Over 4,000 pupils are enjoying a very long weekend after nine schools closed across the capital – due to Britain’s most poisonous spiders.
But experts and parents have criticised the closures in east London as “over the top” reactions to the slightly venomous arachnid, the False Widow.
Today John F Kennedy Special School became the ninth school near Newham, east London, to close due to spiders.
They have shut both campuses in Stratford and Beckton for the foreseeable future to allow for treatment.
A statement on the school’s website said: “Both sites are closed to students until further notice while treatment to address the presence of false widow spiders is completed.”
Pupils are set to return to Rokeby School and Star Primary School, both in Canning Town, and Ellen Wilkinson Primary School, in Beckton, on Monday, after exterminators controlled the menace.
Pest control expert Shane Jones, who owns Ridtek in Basingstoke, Hampshire, said: “If I’m going to be totally honest I think it’s a bit of a knee-jerk reaction.”
Shane, originally from Melbourne in Australia, said: “If you put it into perspective if you had this situation in Australia then no one would go to school ever.
“But here, if they find a spider anywhere inside a school then they get into the Health and Safety mode where there’s no other option.
“I think what they are doing is literally going through it with a fine tooth comb, trying to find any evidence of these spiders.
“If there are female spiders in there with egg sacks that hatch out you can go from one to a couple of hundred very quickly – that could be why.
“But can you imagine all the working parents? It’s a huge disruption.
“Spiders in Australia are a lot more deadly and poisonous than they are here but saying that there’s an issue and it has to be dealt with.
“But it’s quite normal at this time of year and we should point out this spiders have been in this country for a long time.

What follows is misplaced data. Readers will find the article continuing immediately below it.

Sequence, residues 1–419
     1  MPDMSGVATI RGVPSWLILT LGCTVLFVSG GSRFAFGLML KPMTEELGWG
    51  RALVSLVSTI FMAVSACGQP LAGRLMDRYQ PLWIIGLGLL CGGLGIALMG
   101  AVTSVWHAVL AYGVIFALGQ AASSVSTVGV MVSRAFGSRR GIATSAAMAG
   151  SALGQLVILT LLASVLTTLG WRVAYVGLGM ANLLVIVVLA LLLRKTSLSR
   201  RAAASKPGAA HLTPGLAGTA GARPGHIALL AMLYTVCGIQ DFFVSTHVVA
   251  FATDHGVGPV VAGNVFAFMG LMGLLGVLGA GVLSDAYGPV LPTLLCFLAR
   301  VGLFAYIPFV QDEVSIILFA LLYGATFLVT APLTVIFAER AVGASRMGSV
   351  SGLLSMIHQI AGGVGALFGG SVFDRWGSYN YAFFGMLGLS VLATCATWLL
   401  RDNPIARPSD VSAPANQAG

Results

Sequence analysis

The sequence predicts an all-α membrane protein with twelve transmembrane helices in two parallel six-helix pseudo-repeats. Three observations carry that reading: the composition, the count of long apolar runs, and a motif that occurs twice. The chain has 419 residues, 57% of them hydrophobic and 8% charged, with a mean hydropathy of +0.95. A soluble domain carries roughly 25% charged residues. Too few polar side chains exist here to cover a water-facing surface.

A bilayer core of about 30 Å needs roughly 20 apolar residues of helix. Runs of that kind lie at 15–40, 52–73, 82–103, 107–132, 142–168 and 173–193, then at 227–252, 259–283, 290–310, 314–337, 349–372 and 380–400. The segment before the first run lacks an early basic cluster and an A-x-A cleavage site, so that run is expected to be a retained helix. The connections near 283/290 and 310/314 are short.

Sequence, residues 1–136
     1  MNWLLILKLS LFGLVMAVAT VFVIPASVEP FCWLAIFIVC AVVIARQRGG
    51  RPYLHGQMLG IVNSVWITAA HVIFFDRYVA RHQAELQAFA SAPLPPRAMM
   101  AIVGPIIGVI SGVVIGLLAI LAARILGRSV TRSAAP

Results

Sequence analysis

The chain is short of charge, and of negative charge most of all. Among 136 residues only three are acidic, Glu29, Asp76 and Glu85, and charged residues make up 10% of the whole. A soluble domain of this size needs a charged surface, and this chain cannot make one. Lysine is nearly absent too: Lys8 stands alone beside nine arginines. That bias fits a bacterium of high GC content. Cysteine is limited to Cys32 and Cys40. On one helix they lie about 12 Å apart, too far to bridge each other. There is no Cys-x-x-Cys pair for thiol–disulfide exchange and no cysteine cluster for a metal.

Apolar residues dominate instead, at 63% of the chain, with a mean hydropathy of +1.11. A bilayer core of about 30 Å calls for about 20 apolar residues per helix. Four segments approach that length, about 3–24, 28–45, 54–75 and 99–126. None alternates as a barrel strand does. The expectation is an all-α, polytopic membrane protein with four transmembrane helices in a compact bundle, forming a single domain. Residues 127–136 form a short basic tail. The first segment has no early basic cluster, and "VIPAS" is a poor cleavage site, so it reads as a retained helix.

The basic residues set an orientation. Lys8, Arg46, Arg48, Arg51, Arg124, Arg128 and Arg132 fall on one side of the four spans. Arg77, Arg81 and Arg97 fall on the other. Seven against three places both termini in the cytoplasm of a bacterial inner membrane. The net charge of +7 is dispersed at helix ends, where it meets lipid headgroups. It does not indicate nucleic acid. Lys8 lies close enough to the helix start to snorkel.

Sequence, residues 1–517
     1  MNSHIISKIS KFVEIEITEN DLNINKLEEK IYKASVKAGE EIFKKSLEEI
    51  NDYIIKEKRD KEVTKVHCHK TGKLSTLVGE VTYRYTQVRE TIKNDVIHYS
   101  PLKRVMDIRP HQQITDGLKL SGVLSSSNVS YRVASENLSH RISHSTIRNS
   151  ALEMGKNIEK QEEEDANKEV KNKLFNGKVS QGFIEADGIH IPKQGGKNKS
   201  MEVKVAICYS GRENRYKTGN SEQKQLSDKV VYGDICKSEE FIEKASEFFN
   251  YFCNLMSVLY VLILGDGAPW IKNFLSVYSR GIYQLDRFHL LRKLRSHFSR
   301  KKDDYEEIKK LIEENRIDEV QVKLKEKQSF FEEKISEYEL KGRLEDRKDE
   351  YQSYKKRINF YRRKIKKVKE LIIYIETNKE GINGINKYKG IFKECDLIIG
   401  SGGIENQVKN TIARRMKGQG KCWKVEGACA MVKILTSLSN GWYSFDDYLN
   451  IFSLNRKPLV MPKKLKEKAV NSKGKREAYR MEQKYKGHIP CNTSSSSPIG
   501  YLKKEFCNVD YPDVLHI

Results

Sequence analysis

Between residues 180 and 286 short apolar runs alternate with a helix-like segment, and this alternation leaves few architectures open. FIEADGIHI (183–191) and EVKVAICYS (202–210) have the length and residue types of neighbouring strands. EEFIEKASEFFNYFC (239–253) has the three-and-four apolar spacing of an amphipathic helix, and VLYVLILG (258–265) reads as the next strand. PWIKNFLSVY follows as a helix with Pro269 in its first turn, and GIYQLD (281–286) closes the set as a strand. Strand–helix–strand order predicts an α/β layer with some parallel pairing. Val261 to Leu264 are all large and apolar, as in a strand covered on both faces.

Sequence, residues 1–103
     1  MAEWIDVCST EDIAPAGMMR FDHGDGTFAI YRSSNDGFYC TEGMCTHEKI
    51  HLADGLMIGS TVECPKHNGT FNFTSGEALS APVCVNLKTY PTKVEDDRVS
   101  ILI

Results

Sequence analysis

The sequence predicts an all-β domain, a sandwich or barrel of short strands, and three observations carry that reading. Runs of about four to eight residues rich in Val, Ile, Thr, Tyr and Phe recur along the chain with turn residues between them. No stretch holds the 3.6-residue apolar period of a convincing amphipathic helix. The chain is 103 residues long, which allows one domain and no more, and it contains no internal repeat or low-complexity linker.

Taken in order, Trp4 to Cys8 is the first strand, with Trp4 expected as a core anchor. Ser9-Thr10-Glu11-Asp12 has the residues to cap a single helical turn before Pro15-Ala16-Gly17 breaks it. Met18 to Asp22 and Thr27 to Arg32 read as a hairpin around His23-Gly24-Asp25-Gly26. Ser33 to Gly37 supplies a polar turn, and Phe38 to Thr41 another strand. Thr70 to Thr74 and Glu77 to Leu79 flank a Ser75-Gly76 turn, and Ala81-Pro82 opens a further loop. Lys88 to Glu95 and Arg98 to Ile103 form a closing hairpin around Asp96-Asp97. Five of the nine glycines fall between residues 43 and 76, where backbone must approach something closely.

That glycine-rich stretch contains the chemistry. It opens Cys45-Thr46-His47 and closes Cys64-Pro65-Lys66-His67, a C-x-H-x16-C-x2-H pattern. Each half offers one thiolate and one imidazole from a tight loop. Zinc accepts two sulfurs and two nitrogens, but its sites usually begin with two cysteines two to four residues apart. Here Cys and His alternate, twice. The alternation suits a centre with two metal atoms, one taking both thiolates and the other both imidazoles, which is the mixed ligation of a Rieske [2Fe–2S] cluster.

“It’s the change of weather that makes them come in. It’s not unusual but we had a very good summer so the insect population has increased so there’s more food for spiders.”
Shane, who has lived in the UK for 11 years, added: “If we see a spider in Oz what you do with it in squash it.
“You hit with your shoe and it’s normal but when you live with it – here it’s a different story.
“In the UK, people’s tolerance to spiders is very low, whereas in Australia it is very high.”
Explaining how to get rid of the arachnids, he said: “First of all you have to identify they are False Widows.
“Then the decision has to be made by the headteacher on what course of action has got to be taken.
“Some schools will say just sort out that room or that area but others will evacuate the whole site and the whole places gets a fumigation.
“Then it’s a matter of getting everybody out and going in, then a full inspection to make sure they are no spider there. You can just hoover them up and incinerate them.
“We’ve done a school recently and they were only in a couple of isolated places in some storage sheds.”
A 39-year-old mum whose son goes to Godwin Junior School in Newham, east London, slammed her local authority’s response to the spiders after it was closed due to the infestation.
Walking past the school with her young son, she said: “I think it’s a bit over the top.
“I don’t want my son to be scared of spiders.
“Spiders are in the world – we are humans, we live in a world with animals and insects.
“We need to learn to live alongside each other.”
Another mum-of-two who had children at the school said: “It’s a big thing to close for two days.
“If they are UK’s deadliest spiders I think they have to take measures on it.
“They sent everyone a text yesterday on the phone and an email on Wednesday.
“My husband was angry – he just made a fleeting comment, ‘well you can’t close the school for two days’ and my take on that is that they haven’t taken it lightly.
“It’s an inconvenience on us parents but it’s health and safety.”
False Widow Spiders, the UK’s most poisonous arachnid, are dark-coloured with globular bodies and range from 9.5 to 14 mm in size.
Although named because of its physical similarity to the killer Black Widow spider, the species’ bites can be very painful but are generally harmless.
The false widow spider is not deadly, but can deliver a similar bite to its antipodean cousin, the potentially deadly Black Widow spider, which dons devilish black and red markings across its body.
Symptoms from a False Widow bite can include severe pain radiating from the bite and fever.
Spider bites can become infected too, as when we reported squaddie Matt Clarke, 32, suffering a puss-filled wound that went down the muscle after he was bitten by a spider with False Widow markings in Mansfield, Nottinghamshire.
Bitten as he lay in bed, the army man said he woke up from a deep sleep with a “tingly sensation,” saw the spider on his leg and thought nothing of it. Despite not being life-threatening, the wound left him unable to walk for a while.
The Steatoda nobilis, commonly known as the False Widow spider, is native to Madeira and the Canary islands, and is believed to have arrived on British shores via a cargo transporter in the 19th Century.
By Ben Gelblum and Berny Torre